It seems I’ve done neither of the above much lately.
Oh, I did that post the other day about my boss and his trip on the high seas, which was an occasion to tout that I had surpassed the halfway mark to my eventual goal. I am still striving to stride toward that goal, though Mother Nature made it tough to do so this weekend.
Friday was designated as an errand day, much as I hate to waste my walking time for such mundane stuff, but one must eat and thus a visit to the grocery store was in order. Then there was the tax bill to be paid, plus a few other miscellaneous and sundry tasks requiring the car. The pedometer told me that I racked up almost two miles and two miles was better than nothing, but it was not fodder for a Friday post.
Saturday it rained all day.
This morning I didn’t fare much better, but, unlike yesterday, at least I made it outside. I listened to the weatherman and checked out “The Weather Channel” online and it was all good, so I hustled myself to get going before the rain’s expected arrival in the 9:00 o’clock hour.
But once outside, the sky was dark and ugly, it was just 65 degrees and quite blustery. I took the car to give it a spin, and, while driving to Council Point Park, the first little “spits” began. A few raindrops dotting the windshield here and there … okay, maybe I could live with that, except I didn’t bring an umbrella as I believed I’d be home before the rain’s ETA. I even went so far as pulling into the parking lot at Council Point Park, but then the spits became splats and I muttered a few words, pulled back out and headed for home.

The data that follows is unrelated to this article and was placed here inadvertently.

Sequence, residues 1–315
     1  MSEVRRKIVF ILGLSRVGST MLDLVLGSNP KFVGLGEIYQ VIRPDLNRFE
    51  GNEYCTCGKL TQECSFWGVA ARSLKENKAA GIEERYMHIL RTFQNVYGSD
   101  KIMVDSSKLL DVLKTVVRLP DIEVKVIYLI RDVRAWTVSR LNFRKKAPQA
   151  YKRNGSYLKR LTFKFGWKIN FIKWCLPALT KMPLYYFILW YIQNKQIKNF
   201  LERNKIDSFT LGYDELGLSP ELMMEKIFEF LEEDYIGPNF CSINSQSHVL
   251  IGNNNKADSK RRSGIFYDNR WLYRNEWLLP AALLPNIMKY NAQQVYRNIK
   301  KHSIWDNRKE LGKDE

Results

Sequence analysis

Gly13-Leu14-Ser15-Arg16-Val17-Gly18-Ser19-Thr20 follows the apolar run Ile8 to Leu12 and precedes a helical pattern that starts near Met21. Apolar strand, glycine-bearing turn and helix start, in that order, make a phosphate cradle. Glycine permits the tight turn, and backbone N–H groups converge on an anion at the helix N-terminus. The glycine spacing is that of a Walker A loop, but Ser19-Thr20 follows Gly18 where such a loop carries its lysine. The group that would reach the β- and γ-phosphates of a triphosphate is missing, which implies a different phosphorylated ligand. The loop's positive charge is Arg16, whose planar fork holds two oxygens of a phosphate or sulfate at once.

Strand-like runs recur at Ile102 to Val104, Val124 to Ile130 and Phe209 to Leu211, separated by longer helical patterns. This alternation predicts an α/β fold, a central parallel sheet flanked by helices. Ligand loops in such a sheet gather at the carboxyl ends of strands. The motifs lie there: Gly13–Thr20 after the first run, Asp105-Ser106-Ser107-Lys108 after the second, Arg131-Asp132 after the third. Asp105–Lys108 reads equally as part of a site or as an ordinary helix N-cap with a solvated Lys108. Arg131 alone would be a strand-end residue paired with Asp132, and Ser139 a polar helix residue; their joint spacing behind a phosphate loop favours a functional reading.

It isn’t like I would be twiddling my thumbs in boredom here at the house, because I often put blinders on to the dust bunnies and clutter that persists. Between working, walking and blogging, it leaves scant time for little more than eating and sleeping. Housework always gets put on the back burner.
My other dilemma, besides the rain intruding on my weekend walks and the chance to visit different venues and take more photos, is that Council Point Park has been very boring lately. I wrote about the squirrels last week – the young‘uns are skittish and the “regulars” seems to be missing in action most days. Occasionally, I drag out my Ziploc bag of peanuts and my camera is at the ready, but those occasions have become few and far between.
The Park robins, having reared their young, have abandoned their nests and are now at large in the Park.
The geese and goslings are long gone and won’t return until Fall, once their flying feathers have all grown in. By then, the goslings will look (and act) like their parents, so any photos shall be just ho-hum.